For as little as K100 (28 US cents), some police officers are selling their souls and that of hungry Malawians to the devil.

With the K100 bribe, some officers open roadblocks and the Malawi’s borders to allow illegal maize exporters smuggle the staple grain into Mozambique and Tanzania even as the product’s shortage pushes prices above poor Malawians’ reach and into starvation.

This is happening on the back of a government ban—which police are supposed to help enforce—against maize exportation after poor harvests last season.

The ever-rising prices of the commodity, which have shot to over K10 000 (about $28) per 50kg bag, provide a grim backdrop to the smuggling business that is verging on the suicidal for Malawi.

So far, Nation on Sunday has established that Songwe Border in Karonga and Muloza in Mulanje are the most porous—both through official routes and unofficial ones—according to interviews with some people living around the areas and agents who facilitate the smuggling.

Nation on Sunday investigations have established that there is a network of vendors who facilitate the process of smuggling the maize through the official border and illegal outlets such as Mpholiwa Bridge in Mulanje.

A fee is paid at all outlets. On both Malawian and Mozambican sides, the fee goes to some law enforcers.

Stephano Chalenga, who said he helps people smuggle maize into Mozambique, claimed that some law enforcers at Muloza receive K100 per bag to allow bicycle vendors to pass through the border with maize.

Once they cross into Mozambique, he said, traders part with K50 per bag to bribe cops on the other side of the border for a smooth path to markets where maize is an expensive commodity.

Chalenga, who thought he was speaking to a potential ‘client’ trying to smuggle the maize when Nation on Sunday approached him, said some “big vendors” buy maize from Limbuli Market, less than a kilometre from the border, and take it into Mozambique on vehicles after “conniving with border officials”.

Crossing the border

One of the vendors, speaking on condition of anonymity, said there is a ready market in Mozambique.

“With your 100 bags of maize, bwana, you will have to pay K50 for each bag to police officers on the Mozambican side and another K50 each for a bag for the canoe man to get the bags across,” said Chilenga when a Nation on Sunday reporter pretended to have maize he planned to smuggle into Mozambique without passing through the border.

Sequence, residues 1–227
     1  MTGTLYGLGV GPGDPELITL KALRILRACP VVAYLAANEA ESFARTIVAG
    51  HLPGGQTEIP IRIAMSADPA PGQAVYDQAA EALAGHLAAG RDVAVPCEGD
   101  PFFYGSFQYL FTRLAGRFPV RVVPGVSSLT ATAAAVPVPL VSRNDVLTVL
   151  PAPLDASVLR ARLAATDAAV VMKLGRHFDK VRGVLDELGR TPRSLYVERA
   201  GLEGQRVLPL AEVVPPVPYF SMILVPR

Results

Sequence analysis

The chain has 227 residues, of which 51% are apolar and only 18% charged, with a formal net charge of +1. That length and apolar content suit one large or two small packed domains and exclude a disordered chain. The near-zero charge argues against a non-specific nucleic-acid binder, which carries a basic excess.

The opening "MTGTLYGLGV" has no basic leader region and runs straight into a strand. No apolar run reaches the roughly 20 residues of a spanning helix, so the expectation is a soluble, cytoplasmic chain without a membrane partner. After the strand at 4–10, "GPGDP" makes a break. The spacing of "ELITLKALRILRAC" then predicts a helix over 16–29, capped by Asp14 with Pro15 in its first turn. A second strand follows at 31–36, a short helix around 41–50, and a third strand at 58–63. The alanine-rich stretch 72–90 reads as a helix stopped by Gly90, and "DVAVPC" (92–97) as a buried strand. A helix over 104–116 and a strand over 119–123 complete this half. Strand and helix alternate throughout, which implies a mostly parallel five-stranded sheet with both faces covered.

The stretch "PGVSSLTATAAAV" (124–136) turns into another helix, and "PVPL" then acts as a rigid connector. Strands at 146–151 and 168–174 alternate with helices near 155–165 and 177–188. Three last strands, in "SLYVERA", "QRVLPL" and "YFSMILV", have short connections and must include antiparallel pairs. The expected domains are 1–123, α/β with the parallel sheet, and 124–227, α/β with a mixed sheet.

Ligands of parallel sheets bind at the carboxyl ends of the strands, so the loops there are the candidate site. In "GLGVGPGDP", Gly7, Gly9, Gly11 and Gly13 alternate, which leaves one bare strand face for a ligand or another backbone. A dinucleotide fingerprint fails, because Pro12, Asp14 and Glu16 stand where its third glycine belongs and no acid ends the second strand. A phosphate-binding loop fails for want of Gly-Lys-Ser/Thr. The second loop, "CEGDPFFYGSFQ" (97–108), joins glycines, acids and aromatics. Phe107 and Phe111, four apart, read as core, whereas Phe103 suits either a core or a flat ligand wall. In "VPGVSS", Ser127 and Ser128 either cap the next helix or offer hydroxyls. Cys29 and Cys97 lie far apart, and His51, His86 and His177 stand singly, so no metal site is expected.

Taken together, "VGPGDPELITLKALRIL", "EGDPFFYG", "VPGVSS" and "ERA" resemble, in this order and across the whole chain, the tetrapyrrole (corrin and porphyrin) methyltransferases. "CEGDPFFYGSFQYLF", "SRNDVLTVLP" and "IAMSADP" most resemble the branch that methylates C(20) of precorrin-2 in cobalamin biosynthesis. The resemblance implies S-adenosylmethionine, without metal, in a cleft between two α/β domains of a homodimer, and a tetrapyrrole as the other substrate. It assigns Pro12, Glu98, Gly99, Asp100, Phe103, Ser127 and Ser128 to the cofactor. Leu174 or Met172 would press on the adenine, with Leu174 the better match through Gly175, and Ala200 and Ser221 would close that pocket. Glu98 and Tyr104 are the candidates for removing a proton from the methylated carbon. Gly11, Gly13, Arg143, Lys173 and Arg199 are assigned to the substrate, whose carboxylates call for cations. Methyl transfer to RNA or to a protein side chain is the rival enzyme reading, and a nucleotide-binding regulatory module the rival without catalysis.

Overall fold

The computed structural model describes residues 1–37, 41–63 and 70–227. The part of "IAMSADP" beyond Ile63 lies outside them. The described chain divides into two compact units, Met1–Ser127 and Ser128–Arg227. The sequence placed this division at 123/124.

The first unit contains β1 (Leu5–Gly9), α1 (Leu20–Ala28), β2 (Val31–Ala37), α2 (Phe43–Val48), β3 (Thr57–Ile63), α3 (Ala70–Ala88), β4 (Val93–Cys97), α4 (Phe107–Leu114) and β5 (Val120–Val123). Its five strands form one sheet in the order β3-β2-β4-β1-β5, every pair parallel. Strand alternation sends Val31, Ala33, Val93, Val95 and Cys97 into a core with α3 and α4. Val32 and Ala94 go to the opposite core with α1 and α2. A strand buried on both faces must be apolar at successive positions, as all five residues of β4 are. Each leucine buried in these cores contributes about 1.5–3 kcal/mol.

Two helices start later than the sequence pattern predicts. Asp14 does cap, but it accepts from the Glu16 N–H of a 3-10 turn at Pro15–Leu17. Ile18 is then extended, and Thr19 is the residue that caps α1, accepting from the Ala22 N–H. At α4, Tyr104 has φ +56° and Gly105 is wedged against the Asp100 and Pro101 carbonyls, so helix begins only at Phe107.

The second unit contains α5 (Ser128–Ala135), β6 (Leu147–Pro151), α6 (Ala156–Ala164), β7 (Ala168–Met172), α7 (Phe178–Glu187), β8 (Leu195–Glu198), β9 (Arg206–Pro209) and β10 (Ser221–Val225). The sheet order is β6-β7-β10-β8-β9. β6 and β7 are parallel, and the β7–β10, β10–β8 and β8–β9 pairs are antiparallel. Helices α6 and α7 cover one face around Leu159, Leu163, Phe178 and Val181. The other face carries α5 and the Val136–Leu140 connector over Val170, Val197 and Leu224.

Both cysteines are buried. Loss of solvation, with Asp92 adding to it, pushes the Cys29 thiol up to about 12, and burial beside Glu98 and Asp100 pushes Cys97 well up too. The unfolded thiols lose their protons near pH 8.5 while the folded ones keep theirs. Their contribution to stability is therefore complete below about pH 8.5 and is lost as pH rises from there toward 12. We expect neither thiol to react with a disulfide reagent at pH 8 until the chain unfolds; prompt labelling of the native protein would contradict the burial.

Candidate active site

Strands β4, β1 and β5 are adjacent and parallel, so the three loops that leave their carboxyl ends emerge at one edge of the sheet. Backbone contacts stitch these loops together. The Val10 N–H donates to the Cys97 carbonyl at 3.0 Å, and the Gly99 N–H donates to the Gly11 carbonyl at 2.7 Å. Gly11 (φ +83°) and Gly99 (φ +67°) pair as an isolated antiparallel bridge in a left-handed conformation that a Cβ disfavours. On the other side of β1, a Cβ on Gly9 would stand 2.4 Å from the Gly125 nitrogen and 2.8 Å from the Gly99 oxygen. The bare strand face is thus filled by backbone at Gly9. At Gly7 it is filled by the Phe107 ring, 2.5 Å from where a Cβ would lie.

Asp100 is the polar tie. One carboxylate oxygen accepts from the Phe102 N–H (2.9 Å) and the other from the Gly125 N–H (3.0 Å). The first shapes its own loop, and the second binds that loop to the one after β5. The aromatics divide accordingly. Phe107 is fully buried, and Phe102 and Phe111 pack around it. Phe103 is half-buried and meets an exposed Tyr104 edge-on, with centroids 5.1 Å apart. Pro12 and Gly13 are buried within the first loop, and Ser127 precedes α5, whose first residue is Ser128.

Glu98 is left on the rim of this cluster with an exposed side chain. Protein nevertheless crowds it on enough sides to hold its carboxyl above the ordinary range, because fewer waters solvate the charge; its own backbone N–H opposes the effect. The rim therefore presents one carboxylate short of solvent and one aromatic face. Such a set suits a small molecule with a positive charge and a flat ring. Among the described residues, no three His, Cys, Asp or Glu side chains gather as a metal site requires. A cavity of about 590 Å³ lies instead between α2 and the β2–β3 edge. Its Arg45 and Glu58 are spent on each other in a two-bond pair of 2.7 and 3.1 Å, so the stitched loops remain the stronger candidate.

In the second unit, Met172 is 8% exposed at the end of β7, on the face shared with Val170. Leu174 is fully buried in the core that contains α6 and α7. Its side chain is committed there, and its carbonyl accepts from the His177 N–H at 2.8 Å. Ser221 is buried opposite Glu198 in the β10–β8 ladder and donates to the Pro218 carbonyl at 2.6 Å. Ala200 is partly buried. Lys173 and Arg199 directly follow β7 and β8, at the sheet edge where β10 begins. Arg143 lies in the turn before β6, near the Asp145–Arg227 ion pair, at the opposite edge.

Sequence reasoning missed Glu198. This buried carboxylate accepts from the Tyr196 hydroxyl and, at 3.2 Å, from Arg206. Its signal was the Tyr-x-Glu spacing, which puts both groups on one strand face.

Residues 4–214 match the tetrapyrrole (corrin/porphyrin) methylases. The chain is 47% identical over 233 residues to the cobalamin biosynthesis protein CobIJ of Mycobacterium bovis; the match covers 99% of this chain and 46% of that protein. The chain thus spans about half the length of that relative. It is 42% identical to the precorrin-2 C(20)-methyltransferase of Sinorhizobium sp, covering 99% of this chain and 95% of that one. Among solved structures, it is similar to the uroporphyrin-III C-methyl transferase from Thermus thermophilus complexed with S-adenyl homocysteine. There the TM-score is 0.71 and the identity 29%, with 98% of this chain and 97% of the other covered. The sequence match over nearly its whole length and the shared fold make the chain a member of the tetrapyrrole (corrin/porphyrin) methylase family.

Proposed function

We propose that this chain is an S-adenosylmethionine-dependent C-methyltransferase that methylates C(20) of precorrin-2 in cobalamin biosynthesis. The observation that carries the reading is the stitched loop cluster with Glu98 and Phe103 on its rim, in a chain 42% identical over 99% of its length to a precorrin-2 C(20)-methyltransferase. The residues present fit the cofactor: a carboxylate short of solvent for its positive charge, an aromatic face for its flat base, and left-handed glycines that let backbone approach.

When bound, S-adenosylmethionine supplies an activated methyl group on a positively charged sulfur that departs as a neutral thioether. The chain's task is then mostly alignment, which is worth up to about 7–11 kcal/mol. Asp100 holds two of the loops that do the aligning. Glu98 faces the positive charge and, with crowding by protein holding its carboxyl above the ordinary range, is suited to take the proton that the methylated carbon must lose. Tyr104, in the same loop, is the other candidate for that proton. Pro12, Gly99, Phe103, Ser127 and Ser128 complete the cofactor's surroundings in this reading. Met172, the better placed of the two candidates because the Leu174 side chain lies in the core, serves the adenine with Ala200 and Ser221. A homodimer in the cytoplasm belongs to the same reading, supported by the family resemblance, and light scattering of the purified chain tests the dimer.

Dan Midule, who works at a restaurant at Limbuli Trading Centre, said: “If you want to take your maize through the border, it is not a problem. It is a daily routine. There are some boys who specialise in that. They connive with the security officials who they pay K100 per bag.”

He gave us names of the agents, some of whom we talked to and who confirmed the process of smuggling maize through the border and other unofficial outlets on a truck or on bicycles.

Midule said it depends on the choice of the trader and quantity of the maize. He said bicycle vendors carry three bags per trip until all bags are smuggled into Mozambique.

“If you want to use a vehicle, you can come here on your pickup truck or lorry. The driver and other agents talk to the border officials before they take the maize to the border. After negotiations and paperwork, they go and drive the vehicle and it just passes through the border without being searched,” explained Midule.

‘We arrest smugglers’

Muloza Police officer-in-charge Davies Kasiteni said police arrest maize smugglers, but people still find their way to smuggle the maize since the border is porous. He denied that police get money to allow maize into Mozambique.

Mulanje Police officer-in-charge Christopher Chiwanga said police in the district have arrested many maize smugglers. He could not provide statistics because, he said, he did not have the figures handy.

In Karonga, Steven Simwaba, from Iyembe, Kaporo, who claims to be the ruling People’s Party (PP) constituency governor for the area, accused some police officers at Iponga Border Post of taking bribes to allow illegal maize exporters cross into Tanzania.

“The police here are tarnishing the image of ba mama bithu [our mother], President Joyce Banda. The country does not have enough maize yet these law enforcers sell their souls to the devil and allow smugglers to deprive the country of maize. People say it is the President’s fault, which is not true,” said Simwaba.

In January, some Karonga residents clashed with police at Rukuru Roadblock along the Karonga-Songwe Road after they accused the officers of corruptly allowing trucks with maize to pass through to Tanzania, according to media reports.

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ZIMENE MUMAKONDA

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